After the launch of the first eReaders, it didn’t take long for people to realize that the ability to track reading habits could provide useful information for publishers and authors interested in understanding how readers react to their work.
In the Harvard Business Review this week, Grant McCracken asked “Will Netflix Flourish Where Hollywood Failed?”. He pointed out Netflix’s trump card, detailed data about viewing habits, and explained why he thinks the data play is a dangerous gamble,
Netflix has so much data that they are going to be tempted to climb into the creative tent and start offering “advice.” I mean, what is all that data (and power) for, if it doesn’t let you call some shots? They can claim to know exactly what works and what does not. Well, sorry, no. Knowing that something works leaves us a long way from knowing why something works. And this leaves us a long way from knowing how to reproduce it in another movie. The only thing this data can be absolutely sure to produce is arrogance.
I think this observation may be even truer for a medium where most of the action takes place in the reader’s mind. Readers can stop, start, reread or skip, and it doesn’t really tell you anything unless you know what is happening in their heads. The data can also be misleading because it doesn’t take into account the context. If I’m reading on the bus or the train, for example, I have to close my book when I reach my stop. Chances are, I’ll still be thinking about the story though, even if I don’t pick the book up again until a week later. When that happens I might or might not go back a few pages to refresh my memory. I can think of dozens of similar scenarios that could be very misleading.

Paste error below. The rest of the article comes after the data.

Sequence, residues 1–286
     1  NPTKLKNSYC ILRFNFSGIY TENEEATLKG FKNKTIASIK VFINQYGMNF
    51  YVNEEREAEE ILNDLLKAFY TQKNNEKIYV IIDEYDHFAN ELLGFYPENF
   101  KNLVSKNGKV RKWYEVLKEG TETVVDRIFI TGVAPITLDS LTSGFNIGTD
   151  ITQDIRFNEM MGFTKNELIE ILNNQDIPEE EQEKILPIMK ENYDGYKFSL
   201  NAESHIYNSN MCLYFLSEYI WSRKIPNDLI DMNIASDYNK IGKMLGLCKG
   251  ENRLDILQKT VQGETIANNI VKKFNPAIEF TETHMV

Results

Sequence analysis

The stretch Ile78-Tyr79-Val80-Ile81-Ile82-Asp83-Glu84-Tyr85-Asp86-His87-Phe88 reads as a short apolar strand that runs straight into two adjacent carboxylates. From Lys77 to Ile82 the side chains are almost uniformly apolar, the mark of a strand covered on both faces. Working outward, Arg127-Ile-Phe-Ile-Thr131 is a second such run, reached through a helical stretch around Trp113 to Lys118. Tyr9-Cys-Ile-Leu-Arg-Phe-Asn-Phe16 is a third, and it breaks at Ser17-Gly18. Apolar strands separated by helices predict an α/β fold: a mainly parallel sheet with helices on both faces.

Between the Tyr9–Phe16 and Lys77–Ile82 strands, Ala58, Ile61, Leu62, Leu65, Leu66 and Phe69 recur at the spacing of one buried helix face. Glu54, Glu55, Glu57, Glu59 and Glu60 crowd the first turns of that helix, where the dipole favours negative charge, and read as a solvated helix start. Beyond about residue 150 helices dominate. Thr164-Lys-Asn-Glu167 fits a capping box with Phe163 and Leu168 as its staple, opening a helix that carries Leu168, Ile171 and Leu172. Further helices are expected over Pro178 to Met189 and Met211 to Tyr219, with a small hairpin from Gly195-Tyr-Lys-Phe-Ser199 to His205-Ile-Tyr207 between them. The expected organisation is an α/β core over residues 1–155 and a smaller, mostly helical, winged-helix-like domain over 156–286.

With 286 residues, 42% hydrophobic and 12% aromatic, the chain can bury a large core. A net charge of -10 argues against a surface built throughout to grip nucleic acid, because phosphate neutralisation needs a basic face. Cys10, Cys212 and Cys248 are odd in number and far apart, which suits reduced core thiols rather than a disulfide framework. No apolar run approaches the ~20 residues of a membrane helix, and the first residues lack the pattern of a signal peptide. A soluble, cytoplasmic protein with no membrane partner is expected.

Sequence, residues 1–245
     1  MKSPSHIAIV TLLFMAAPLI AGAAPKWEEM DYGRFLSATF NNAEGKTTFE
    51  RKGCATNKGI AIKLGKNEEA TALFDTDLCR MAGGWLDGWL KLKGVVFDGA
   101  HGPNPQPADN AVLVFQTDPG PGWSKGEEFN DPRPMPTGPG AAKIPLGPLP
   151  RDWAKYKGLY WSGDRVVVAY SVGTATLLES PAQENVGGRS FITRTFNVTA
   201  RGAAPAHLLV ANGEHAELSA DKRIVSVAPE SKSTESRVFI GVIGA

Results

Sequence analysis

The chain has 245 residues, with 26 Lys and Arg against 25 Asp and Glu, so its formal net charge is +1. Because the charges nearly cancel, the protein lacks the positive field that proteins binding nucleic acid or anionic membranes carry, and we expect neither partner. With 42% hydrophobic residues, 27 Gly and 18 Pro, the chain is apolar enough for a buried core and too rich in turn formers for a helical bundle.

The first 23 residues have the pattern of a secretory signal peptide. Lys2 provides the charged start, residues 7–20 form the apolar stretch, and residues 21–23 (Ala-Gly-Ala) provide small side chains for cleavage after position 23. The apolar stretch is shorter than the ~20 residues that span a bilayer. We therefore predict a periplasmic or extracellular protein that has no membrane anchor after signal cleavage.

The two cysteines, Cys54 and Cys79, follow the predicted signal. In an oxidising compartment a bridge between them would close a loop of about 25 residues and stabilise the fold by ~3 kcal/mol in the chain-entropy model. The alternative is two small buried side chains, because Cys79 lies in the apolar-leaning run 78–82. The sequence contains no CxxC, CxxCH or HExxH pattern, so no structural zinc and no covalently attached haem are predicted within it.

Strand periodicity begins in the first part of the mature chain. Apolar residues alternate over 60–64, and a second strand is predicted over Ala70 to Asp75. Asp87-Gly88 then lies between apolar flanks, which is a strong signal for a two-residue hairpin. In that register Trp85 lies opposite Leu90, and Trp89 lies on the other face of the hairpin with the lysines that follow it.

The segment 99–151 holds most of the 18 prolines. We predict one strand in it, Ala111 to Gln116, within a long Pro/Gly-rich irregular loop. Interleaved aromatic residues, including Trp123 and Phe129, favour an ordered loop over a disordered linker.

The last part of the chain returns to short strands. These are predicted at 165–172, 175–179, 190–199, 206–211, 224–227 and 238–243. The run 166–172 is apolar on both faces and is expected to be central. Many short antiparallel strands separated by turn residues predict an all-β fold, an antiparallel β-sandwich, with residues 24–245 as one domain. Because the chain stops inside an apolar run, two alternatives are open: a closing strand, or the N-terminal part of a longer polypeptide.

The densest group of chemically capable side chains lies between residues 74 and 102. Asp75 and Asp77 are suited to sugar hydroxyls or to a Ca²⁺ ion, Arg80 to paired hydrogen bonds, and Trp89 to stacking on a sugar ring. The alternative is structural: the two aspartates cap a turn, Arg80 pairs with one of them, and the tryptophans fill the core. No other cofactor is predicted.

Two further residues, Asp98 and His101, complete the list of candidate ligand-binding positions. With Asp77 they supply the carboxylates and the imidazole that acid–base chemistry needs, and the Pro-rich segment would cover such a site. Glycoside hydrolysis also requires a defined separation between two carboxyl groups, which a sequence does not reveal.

Data about reading habits is going to be hard to understand. I think it will be much more useful in the aggregate for cultural, anthropological or demographic studies than to help publishers or authors create works that have more appeal to readers.